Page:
Some novels demonstrate accurately the nature of man, but fail to determine how we can be saved. Some show success in a particular lifestyle, but how this dead ends into unforeseen side effects. Every text has some truth in it, but their answers to life's big questions leads to a wide variety of implications which can lead to unfulfilling and hopeless ends without being able to ground this truth on scripture and what God our creator defines about us. Students must be able to analyze this for themselves. They will not be in my classroom forever. 

In psychology, analysis is even less subtle.  Every personality theory or clinical therapist asks the same questions we ask in literature - What is the nature of man? What has gone wrong? How do we be saved? What even are our goals in treatment? Behavioral psychologists seek to change behavior, cognitive therapists diagnose and control issues in patterns of thought, psychoanalysts look for hidden motives from past trauma and assume healing is through relationship only, humanists think the answer lies inside each one of us if we can just be heard and reach our potential, many therapists seek medicines to cure all ills as mental imbalances. Everyone asks the same questions, and many have elements of truth. After all, God created the body, and the mind and in a fallen world, there are a million ways things can go wrong. But ultimately, who knows man like the Creator of man Himself? If we can start from a foundation of knowing man's sin, value, and hope, the entire trajectory leads us to a new, Biblical analysis with eternal implications as we look at even the most severe mental illnesses and appreciate anew the characteristics God created us with.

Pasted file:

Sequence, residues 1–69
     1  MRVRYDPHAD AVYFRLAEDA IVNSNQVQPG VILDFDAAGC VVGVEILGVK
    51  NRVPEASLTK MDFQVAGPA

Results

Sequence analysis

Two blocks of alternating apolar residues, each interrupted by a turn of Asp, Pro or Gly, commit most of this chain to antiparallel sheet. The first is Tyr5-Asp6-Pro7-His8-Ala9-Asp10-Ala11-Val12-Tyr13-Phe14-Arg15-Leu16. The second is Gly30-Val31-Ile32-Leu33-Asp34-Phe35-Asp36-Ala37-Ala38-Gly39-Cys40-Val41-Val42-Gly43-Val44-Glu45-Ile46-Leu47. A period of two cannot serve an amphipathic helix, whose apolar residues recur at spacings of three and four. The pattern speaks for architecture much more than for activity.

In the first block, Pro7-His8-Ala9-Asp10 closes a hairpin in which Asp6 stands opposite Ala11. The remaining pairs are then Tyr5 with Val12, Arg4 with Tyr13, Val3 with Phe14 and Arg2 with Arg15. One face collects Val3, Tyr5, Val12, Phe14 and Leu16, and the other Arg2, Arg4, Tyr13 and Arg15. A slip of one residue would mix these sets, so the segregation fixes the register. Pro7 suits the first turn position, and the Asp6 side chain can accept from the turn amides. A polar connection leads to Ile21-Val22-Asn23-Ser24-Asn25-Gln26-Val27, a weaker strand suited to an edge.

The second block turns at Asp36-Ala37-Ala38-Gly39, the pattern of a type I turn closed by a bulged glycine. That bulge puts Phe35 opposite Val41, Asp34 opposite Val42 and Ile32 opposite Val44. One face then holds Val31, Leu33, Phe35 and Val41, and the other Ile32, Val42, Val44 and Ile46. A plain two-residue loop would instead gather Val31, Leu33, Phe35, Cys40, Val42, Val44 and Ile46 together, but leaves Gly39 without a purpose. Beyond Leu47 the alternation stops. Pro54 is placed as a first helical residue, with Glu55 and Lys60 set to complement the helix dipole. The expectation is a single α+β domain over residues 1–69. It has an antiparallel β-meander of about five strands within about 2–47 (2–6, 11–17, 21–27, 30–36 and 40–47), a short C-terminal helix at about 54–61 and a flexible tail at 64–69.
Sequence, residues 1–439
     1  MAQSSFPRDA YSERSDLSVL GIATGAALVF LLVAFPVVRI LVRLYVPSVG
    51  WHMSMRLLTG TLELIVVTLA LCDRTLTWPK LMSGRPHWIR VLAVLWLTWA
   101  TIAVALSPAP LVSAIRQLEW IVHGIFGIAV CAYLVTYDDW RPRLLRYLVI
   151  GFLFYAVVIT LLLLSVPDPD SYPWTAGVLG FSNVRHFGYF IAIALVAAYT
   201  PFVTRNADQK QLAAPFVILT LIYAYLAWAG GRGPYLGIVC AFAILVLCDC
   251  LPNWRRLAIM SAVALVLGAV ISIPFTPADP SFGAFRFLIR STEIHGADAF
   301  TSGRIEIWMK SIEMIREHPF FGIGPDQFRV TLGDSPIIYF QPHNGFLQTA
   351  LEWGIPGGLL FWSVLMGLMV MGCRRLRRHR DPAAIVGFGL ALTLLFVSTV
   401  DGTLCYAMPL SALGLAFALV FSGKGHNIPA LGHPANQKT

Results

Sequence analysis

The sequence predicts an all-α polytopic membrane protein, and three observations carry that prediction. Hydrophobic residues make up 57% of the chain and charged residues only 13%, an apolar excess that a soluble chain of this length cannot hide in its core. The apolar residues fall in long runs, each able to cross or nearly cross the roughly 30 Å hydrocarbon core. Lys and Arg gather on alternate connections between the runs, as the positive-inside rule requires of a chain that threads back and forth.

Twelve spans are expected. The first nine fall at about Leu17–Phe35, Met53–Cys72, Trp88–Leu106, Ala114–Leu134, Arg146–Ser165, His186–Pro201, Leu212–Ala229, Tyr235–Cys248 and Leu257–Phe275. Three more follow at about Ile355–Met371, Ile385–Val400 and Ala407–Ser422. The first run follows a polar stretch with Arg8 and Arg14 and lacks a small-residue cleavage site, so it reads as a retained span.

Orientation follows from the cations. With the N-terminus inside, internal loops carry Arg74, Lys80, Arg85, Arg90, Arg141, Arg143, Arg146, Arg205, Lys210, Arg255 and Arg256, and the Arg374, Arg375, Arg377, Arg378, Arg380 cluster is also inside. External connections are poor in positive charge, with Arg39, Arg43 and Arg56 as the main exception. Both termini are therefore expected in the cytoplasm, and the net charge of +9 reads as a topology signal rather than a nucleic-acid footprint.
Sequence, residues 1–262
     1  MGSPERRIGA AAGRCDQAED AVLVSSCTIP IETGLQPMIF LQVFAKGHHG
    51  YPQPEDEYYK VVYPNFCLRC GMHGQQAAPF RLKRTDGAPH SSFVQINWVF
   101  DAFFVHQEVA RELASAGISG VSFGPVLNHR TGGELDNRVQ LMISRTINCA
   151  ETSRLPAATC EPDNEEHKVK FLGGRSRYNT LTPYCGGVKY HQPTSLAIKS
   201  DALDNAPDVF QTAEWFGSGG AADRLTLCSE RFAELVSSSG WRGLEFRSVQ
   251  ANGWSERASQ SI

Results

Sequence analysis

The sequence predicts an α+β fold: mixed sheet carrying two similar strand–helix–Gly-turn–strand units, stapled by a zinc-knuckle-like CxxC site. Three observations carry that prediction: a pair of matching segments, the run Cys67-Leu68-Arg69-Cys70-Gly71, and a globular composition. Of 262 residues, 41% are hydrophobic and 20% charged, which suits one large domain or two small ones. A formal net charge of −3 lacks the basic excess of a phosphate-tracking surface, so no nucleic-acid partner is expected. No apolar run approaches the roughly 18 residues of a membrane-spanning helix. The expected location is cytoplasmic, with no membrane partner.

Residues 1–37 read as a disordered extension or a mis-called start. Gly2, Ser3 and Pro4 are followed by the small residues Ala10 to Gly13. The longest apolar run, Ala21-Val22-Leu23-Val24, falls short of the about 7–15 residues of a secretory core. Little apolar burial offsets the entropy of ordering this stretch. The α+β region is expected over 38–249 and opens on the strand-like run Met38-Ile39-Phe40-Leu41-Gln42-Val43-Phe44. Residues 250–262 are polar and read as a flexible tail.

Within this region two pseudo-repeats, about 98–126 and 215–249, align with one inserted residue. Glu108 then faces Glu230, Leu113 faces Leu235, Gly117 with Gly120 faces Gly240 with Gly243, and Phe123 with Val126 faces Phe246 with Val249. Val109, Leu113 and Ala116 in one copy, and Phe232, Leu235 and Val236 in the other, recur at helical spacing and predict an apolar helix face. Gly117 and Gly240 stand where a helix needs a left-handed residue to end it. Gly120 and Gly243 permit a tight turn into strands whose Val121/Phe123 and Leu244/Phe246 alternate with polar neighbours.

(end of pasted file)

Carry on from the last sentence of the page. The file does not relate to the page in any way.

Every photographer is an analyzer of the world as well. I love how differently the students look at the campus after touring it through the lens of a camera, considering different angles and elements of photography and composition as they capture it. Many photos can hit the mark of employing line, repetition, or the rule of thirds. But the greatest photographs tell stories. It is the emotion in the eyes, it is the grandeur of the scene, it is the scope of experiences shown that result in photography being the art form it is. Every image tells a story in a powerful way that the saying would have us believe is "worth a thousand words." 

As representatives of God in this world, should we not be versed in how to use this power of photography? Should we not be able to analyze the messages that come to us in every work of literature or film and present our own knowledge and hope to the world using these same mediums? Can we ignore the hurting and confused who seek help from psychotherapy professionals and cry out for meaning and hope? We cannot. And so my classes will continue to use the same priceless skills in every discipline; analysis is everywhere.  

Why Small is Equally Mighty

March 08, 2019
By Jonathan Beutlich, CCS Teacher

When I was in high school youth group, we got to play a game called “Bigger and Better.”  It is a team building exercise that asks each team to start with an insignificant item like a paper clip, go out into the community, and trade up the item to something bigger and better. The goal is to keep upgrading the object until the time runs out.  Each group then returns, and the winner is the group that traded up to the biggest and best item.  It is a fun game; however, it teaches people to believe in a logical fallacy.